As Islamic State (ISIS) loses territory in its base, northern Iraq and eastern Syria, fresh concerns about returning foreign fighters have mounted in Southeast Asia. In December 2015, the Soufan Group estimated that some 900 Southeast Asian fighters, with a majority from Indonesia, had traveled to Syria and Iraq to join the fight. Official estimates from Southeast Asian intelligence agencies placed the number between 1,200-1,800. While it is difficult to estimate precisely how many fighters from the region are currently participating, the Straits Times reported most recently that some 392 Indonesians are believed to be fighting for ISIS in Syria. Malaysians have also been seen in ISIS videos, but they are believed to constitute a distinct second to Indonesian fighters.
However, not all Southeast Asian who have traveled to ISIS-controlled territory are fighters. It appears that some 45 percent of the numbers estimated are women and children who have accompanied the men fighting in the Levant. Estimates also include those who have gone to fight alongside other rebel groups, including Jabhat-al-Nusra.
Since July 2014, ISIS has used social media, propaganda, and recruitment videos released by its media wing, Al-Hayat Media Center, to persuade Indonesians, Filipinos, and Malaysians to travel and join the group. While ISIS does not pose a distinct threat in the Southeast Asian region currently, the sheer number of Indonesians and Malay-speaking foreign fighters has been enough to form its own fighting unit in Syria, known as Katibah Nusantara. Formalized in September 2014, through a series of bayat (pledge of allegiance), Katibah actively recruits in the region, provides a social platform for recruits looking to settle in and connect with other ISIS members, as well as tutorials for logistical and tactical training.
Public opinion polls conducted by the Pew Research Center reveal that support for ISIS is difficult to find in Indonesia; 79 percent hold an unfavorable view of the group compared to only 4 percent who view it favorably. Close to 50 Indonesians have since returned to their country, citing disillusionment with the extremist group. An additional 200 people, 60 percent of whom are women and children, have been deported from the Turkish border before reaching their destinations in Syria or Iraq.
Terrorist attacks are not new in Indonesia. Following the 9/11 attacks, terror threat alerts rose in many parts of the world. Jemaah Islamiya (JI), an al-Qaeda linked terrorist group, and its splinter organizations have carried out a range of bombings and attacks throughout the region. The most notable incidents in Indonesia include the 2002 Bali bombings that killed 202 people (including scores of foreigners); the 2003 J.W Marriott hotel bombings in Jakarta that killed 12 people; a car bombing outside the Australian Embassy in Jakarta, claiming the lives of 10 Indonesians; further bombings in Bali in 2005 killing 26 people; and the 2009 bombings of the Marriott and Ritz-Carlton Hotel in Jakarta, killing at least nine people. The most recent attack occurred in January 2016, when multiple explosions near the Sarinah shopping mall and a UN information center rocked Jakarta, killing eight people and injuring many more. The attack was the first to be claimed by ISIS.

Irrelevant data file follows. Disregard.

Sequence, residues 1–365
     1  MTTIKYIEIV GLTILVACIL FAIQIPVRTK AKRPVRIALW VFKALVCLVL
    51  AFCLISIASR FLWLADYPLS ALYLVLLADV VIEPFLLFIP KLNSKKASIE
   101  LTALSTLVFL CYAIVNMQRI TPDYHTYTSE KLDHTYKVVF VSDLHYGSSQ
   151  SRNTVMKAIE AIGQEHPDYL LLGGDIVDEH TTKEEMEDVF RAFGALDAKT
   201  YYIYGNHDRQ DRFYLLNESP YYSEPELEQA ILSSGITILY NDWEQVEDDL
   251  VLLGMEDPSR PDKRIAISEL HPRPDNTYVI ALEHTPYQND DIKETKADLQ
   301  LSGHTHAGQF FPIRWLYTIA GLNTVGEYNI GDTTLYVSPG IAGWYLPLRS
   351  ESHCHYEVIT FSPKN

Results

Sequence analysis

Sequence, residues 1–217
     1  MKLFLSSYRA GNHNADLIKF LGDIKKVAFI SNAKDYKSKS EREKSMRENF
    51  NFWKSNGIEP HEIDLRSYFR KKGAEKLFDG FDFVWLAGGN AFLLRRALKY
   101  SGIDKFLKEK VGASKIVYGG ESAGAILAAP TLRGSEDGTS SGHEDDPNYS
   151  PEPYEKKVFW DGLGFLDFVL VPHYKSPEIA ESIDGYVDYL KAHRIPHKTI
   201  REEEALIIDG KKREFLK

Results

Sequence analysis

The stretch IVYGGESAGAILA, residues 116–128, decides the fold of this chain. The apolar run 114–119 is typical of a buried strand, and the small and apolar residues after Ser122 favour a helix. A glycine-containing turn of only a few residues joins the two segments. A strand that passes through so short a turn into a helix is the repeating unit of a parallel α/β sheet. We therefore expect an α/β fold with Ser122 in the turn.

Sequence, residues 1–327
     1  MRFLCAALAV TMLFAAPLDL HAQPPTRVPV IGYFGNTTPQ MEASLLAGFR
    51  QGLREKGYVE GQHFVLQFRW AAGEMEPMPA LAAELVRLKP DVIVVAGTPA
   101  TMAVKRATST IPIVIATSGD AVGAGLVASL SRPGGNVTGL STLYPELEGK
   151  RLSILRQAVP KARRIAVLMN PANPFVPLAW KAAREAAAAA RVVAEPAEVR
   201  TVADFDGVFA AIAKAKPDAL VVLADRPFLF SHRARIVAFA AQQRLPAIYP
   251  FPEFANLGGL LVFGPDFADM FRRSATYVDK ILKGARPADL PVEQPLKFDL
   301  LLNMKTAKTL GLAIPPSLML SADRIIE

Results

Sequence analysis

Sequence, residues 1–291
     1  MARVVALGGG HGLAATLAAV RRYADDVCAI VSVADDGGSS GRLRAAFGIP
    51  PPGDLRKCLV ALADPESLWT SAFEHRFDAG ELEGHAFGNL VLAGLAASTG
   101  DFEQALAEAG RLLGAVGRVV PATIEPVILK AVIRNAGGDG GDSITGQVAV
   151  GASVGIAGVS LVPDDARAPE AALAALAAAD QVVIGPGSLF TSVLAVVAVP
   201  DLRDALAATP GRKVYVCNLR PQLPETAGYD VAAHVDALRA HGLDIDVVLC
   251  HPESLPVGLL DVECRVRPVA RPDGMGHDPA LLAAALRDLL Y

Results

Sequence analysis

Currently there exists no formal ISIS presence in Southeast Asia and there is little to suggest a significant ISIS threat to the region. However, given the history and presence of militancy in the region, existing jihadi groups such as the Mujahideen Indonesia Timur (MIT) in Indonesia and the Abu Sayyaf Group in the Phillippines have pledged allegiance to ISIS, raising concerns regarding the formation of a formal ISIS affiliate.
In Indonesia, JI too had pledged allegiance to the group in July 2014 before rescinding it. While JI, a U.S and UN designated terrorist organization, may serve as a re-emerging threat due to its established support base, it theologically differs from ISIS on a multitude of fundamental issues.
The Issue of Returnees
As ISIS loses ground in consolidated territory there are growing fears that the group will lash out overseas, encouraging ISIS-inspired “lone wolf” attacks. There is also mounting concern that Indonesian fighters will return home equipped with the training and combat experience, harnessed further by staunch ideological beliefs.
The term “returnees” encompasses different categories: returning fighters as well as women and children who have accompanied fighters, minors, non-combatants, and more. Globally, the question of how to deal with returnees falls upon two central issues: (1) the problem of evidence, i.e. how to prove someone was involved in violence (when it is not explicitly known) and the permissibility of internet based evidence; (2) lack of capacity of states to conduct rehabilitation and reintegration. In the Indonesian case, most known returnees constitute those who have not managed to gain entry into Syria, and thus are lacking in training and experience. These “returnees” may then actually be classified as “deportees” and should not be included in the returnees count. The distinction is critical to make.
As Joseph Chinyong Liow, a fellow at Brookings Institution notes, in assessing the threat level efforts have been made to draw parallels between those who returned to the region following the Afghan jihad in the 1980s and those possibly returning after fighting in the Levant. This particular point requires greater understanding of the context of political and historical movements in Indonesia. Most fighters who participated in the Afghan War had traveled to gain combat experience to then return to Indonesia and overthrow the repressive regime of President Suharto. However, a post-Suharto Indonesia, which has seen successive governments fortify democracy, fails to provide an environment requiring the urgent utilization of such skills.